Senator Bob Menendez of New Jersey pleaded not guilty on Wednesday to federal charges of corruption. Menendez is accused of accepting bribes in the form of cash and gold bars in exchange for using his political influence to advance Egyptian interests and provide favors for local businessmen. Menendez’s wife, Nadine Menendez, also pleaded not guilty in the case.
The plea was entered during a brief hearing at the lower Manhattan federal courthouse. Menendez, accompanied by his wife, left the courthouse hand in hand, ignoring questions from reporters. Menendez, who stepped down as chairman of the Senate Foreign Relations Committee after being indicted, was released on a $100,000 bond. He must surrender personal passports but can keep an official passport for government business.
The judge ordered Menendez not to have contact with his co-defendants or members of his Senate staff, Foreign Relations Committee staff, or political advisers who have personal knowledge of the case. Calls for Menendez’s resignation have continued to mount, with more than half of Senate Democrats, including Senator Cory Booker, calling for his resignation.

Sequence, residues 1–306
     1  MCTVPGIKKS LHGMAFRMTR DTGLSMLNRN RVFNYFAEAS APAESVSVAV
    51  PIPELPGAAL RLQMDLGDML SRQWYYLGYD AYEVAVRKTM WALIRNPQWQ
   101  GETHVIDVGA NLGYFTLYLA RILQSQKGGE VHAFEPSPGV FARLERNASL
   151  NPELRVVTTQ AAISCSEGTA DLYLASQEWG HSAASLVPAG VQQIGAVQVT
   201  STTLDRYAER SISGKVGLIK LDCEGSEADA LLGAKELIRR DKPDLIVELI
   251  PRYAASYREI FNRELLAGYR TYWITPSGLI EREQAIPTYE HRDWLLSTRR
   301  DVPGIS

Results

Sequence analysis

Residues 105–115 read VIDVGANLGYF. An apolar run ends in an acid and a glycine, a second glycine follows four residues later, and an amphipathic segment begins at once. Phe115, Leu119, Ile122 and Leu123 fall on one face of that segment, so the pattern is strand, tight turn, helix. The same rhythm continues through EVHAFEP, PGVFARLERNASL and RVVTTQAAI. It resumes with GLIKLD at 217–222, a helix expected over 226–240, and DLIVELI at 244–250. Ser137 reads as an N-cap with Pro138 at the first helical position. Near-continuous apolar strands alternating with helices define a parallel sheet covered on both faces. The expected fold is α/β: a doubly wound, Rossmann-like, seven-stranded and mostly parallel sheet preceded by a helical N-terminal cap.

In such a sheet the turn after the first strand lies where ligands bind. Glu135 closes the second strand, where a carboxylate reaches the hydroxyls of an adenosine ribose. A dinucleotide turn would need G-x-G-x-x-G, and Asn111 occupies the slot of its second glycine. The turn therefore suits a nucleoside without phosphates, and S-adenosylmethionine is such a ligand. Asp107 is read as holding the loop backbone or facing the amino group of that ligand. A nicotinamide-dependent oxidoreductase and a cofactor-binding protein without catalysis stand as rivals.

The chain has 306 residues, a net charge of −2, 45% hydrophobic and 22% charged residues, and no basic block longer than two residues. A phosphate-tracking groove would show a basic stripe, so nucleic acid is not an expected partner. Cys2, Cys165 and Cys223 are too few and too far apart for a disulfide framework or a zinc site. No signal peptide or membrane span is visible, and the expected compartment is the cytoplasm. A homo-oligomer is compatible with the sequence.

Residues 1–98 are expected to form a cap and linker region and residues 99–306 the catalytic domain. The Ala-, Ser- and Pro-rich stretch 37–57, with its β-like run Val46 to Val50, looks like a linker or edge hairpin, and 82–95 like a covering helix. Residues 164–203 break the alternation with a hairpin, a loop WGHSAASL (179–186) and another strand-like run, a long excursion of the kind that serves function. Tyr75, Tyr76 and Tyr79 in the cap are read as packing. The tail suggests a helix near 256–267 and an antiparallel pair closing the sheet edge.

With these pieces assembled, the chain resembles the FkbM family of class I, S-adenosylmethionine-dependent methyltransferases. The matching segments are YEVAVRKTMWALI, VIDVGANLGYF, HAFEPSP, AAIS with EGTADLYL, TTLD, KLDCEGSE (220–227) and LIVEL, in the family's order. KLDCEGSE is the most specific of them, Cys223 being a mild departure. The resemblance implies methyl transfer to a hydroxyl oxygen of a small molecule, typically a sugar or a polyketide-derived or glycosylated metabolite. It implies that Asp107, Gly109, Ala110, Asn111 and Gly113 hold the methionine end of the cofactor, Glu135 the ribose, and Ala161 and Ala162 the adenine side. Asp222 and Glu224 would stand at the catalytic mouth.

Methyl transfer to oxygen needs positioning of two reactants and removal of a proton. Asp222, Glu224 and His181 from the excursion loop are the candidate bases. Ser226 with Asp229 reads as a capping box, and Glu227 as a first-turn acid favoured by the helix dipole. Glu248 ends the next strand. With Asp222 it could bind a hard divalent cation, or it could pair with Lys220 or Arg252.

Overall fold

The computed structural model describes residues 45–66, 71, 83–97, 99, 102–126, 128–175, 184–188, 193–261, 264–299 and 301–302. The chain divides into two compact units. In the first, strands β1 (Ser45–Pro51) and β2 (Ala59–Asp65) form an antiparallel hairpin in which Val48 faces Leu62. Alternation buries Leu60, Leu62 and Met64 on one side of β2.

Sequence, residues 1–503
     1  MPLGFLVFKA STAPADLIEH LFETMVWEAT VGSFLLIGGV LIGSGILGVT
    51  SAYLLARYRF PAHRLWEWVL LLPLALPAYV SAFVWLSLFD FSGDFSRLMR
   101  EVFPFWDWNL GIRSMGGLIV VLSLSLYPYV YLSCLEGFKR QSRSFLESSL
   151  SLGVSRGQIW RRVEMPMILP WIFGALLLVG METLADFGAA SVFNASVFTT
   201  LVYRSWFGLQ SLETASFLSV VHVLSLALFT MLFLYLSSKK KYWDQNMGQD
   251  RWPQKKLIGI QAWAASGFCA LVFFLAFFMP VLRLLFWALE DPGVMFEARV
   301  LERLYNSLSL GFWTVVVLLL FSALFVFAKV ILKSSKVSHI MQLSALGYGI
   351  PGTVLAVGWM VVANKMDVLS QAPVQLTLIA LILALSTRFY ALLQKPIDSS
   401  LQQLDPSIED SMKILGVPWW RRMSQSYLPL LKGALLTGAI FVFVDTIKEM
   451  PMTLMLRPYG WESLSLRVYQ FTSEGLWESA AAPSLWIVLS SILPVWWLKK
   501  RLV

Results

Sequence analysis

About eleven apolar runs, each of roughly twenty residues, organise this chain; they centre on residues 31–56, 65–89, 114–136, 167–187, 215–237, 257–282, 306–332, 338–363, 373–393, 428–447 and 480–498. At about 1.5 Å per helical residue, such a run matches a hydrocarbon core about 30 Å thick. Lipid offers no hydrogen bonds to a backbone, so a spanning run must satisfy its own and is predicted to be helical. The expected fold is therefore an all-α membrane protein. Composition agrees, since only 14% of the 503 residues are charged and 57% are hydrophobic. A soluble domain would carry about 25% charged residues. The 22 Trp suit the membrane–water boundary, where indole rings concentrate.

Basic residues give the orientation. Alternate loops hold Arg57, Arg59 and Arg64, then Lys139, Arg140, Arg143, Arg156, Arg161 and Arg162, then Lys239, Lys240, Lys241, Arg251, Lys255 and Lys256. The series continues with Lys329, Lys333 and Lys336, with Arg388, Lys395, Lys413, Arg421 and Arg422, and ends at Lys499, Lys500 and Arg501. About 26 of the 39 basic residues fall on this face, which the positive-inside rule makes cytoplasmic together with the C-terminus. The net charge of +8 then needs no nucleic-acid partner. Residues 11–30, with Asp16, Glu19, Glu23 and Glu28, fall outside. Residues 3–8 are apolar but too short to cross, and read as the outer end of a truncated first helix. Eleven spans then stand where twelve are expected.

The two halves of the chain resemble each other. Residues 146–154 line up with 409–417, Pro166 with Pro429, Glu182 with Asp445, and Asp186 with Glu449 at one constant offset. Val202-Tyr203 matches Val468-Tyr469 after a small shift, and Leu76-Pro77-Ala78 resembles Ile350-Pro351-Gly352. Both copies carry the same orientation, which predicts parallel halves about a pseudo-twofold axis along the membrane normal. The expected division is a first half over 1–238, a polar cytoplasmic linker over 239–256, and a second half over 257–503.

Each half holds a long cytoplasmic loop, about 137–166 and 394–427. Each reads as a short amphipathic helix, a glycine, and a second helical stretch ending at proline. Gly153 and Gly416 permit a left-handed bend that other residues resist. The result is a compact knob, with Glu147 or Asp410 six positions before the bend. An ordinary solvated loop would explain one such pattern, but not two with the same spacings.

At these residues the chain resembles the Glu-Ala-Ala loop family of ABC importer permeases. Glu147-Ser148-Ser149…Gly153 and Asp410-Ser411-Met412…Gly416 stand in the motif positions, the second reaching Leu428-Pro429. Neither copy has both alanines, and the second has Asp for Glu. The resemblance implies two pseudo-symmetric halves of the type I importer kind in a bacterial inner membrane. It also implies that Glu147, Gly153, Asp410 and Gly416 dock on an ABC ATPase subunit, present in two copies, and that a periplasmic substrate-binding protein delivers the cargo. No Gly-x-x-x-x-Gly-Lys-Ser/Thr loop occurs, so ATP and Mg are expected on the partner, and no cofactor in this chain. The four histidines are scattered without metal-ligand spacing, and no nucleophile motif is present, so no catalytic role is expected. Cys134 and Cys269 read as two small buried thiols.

This is the second corruption case against Menendez in a decade. Authorities found nearly $500,000 in cash, including some hidden in clothing and closets, as well as over $100,000 in gold bars during a search of Menendez’s New Jersey home. Menendez is accused of taking actions to benefit the Egyptian government and interfering in criminal investigations involving associates.
Menendez has maintained his innocence and expressed confidence in being exonerated. He has no intention of leaving the Senate. The trial involving different allegations against Menendez in 2017 ended with a hung jury.
Prosecutors allege that Menendez accepted bribes from three New Jersey businessmen, including promises to put his wife on a company’s payroll and financial support for her mortgage. They also claim Menendez provided sensitive U.S. government information to Egyptian officials and attempted to influence fellow senators to lift a hold on aid to Egypt.